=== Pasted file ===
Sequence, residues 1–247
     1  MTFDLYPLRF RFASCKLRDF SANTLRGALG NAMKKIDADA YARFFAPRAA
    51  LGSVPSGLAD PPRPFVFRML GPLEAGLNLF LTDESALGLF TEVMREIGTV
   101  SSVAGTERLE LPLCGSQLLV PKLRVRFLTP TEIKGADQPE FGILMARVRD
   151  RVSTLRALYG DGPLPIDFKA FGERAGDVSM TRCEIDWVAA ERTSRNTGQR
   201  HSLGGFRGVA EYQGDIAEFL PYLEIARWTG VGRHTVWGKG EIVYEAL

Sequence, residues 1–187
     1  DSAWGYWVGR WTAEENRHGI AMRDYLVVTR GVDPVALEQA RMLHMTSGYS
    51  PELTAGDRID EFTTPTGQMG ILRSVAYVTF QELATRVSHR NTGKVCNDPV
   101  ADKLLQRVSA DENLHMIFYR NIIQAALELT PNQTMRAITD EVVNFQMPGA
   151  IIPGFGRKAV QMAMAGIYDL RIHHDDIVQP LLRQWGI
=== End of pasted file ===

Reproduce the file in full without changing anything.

Sequence, residues 1–247
     1  MTFDLYPLRF RFASCKLRDF SANTLRGALG NAMKKIDADA YARFFAPRAA
    51  LGSVPSGLAD PPRPFVFRML GPLEAGLNLF LTDESALGLF TEVMREIGTV
   101  SSVAGTERLE LPLCGSQLLV PKLRVRFLTP TEIKGADQPE FGILMARVRD
   151  RVSTLRALYG DGPLPIDFKA FGERAGDVSM TRCEIDWVAA ERTSRNTGQR
   201  HSLGGFRGVA EYQGDIAEFL PYLEIARWTG VGRHTVWGKG EIVYEAL

Sequence, residues 1–187
     1  DSAWGYWVGR WTAEENRHGI AMRDYLVVTR GVDPVALEQA RMLHMTSGYS
    51  PELTAGDRID EFTTPTGQMG ILRSVAYVTF QELATRVSHR NTGKVCNDPV
   101  ADKLLQRVSA DENLHMIFYR NIIQAALELT PNQTMRAITD EVVNFQMPGA
   151  IIPGFGRKAV QMAMAGIYDL RIHHDDIVQP LLRQWGI